Mr. Wang, 34, will oversee the creative output of the Beijing office. He succeeds Dirk Eschenbacher, who moved to Tribal DDB earlier this year as regional executive creative director, Asia/Pacific. Unlike Mr. Eschenbacher, Mr. Wang doesn't have a regional role and will only work on Ogilvy’s accounts in northern China.
He is returning to the advertising community as a well-known independent film director. Over the last few years, he earned an MA in fine art and graphic design at the London Film School, athen went on to make color and black-and-white short films such as Chinatown’s Butcher, a cult hit in indie film circles that was shown in London film festivals.
Mr. Wang has also directed TV spots for brands like Toblerone chocolate and Shell, but admits filmmaking and telling stories are his "passions” and plans to continue writing scripts and shooting short films as a hobby. He recently completed a biographical film, Red Boy, about his childhood in China’s capital at the end of the Cultural Revoluation.
“I’m Communist boy,” he joked about his past. “Chinese society is quite different now. Everything has changed so much in my lifetime. I was born under ‘the red flag,’ growing up in the process of China reform and opening to the outside world, my life has been dramatically marked by the times.”
Despite his experience as a commercial director, he hasn’t joined Ogilvy Group as a film producer, or even as part of the network’s above-the-line advertising division. Instead, he’s part of Ogilvy’s below-the-line division, OgilvyOne, in a role he hopes will bridge video with the internet for clients like Cisco and Adidas.
“I quite like doing advertising,” added Mr. Wang, particularly in the mainland’s “strong digital market, I want to combine my film experience with digital ideas. It’s a huge space to develop.”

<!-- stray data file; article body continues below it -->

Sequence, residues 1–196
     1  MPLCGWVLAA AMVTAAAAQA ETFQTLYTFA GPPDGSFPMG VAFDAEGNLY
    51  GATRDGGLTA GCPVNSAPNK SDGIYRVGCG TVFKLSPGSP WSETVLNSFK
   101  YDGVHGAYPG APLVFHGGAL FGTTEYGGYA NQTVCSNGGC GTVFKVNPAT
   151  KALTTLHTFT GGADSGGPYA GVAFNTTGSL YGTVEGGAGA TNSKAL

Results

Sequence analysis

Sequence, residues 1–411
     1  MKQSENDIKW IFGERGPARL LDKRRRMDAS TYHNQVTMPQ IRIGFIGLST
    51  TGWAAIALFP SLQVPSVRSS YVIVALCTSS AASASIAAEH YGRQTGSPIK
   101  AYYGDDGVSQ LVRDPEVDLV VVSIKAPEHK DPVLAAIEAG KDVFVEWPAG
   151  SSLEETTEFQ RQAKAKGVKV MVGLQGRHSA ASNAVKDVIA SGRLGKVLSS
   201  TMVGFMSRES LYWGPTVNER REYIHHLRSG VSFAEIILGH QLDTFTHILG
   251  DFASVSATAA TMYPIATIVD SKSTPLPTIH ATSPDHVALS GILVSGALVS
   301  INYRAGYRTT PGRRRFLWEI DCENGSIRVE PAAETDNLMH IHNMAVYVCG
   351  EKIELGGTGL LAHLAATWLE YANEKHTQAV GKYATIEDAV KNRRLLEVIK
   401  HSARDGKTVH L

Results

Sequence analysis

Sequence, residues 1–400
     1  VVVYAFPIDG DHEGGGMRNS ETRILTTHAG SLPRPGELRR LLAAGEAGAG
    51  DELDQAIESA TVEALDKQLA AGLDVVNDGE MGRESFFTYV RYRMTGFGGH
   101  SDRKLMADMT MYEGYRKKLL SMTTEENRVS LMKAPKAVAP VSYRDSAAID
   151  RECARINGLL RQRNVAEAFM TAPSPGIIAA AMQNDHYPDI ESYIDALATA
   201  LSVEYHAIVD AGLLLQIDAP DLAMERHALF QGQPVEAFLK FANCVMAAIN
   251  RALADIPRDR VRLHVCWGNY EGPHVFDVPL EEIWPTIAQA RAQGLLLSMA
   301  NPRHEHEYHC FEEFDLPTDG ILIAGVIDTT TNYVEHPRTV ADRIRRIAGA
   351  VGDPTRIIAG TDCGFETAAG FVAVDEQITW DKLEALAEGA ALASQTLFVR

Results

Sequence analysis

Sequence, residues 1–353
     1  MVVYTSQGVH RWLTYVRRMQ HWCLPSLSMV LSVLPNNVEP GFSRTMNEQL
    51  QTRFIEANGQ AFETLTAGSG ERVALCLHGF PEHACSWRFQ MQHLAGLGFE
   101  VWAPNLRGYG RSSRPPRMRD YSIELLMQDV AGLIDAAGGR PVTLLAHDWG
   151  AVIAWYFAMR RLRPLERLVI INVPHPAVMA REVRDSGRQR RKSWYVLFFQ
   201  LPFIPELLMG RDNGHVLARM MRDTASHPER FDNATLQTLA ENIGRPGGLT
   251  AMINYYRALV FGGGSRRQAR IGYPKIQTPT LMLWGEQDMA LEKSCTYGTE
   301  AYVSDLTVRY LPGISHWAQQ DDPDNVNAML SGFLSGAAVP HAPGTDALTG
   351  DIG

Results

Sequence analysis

Digital video sites like Tudou.com and Youku.com, which are similar to YouTube, are gaining ahuge following among China’s heavy internet users, young urban white-collar workers and university students.
“The fact that Daqing is from Beijing and has an extensive background as entrepreneur, integrated creative director and most recently as a film director, makes him the perfect candidate to lead our creative department,” said the president of OgilvyOne in China, Beijing-based Chris Reitermann.
“Daqing will bring an entirely new perspective to our creative team, and his most recent experience as a film director will be a tremendous asset as we develop more and more long-form video content for our clients.”
Mr. Wang first worked with the agency seven years ago, when a design studio he founded in 1995, Feeling Time, was acquired by WPP’s Relationship Marketing Group. He remained with the company as a partner and creative director until 2003, working with several WPP-owned agencies including Ogilvy.
Also reflecting the agency's increased demand for high-level, strategic digital services by marketers in China, OgilvyOne has appointed Rianne Kow as director of emerging platforms and e-business and Katherine Huang as business director, both based in Beijing. Ms. Kow is returning to OgilvyOne after a brief sabbatical. Ms. Huang recently returned to China from New York, where she worked on Ogilvy's global IBM team.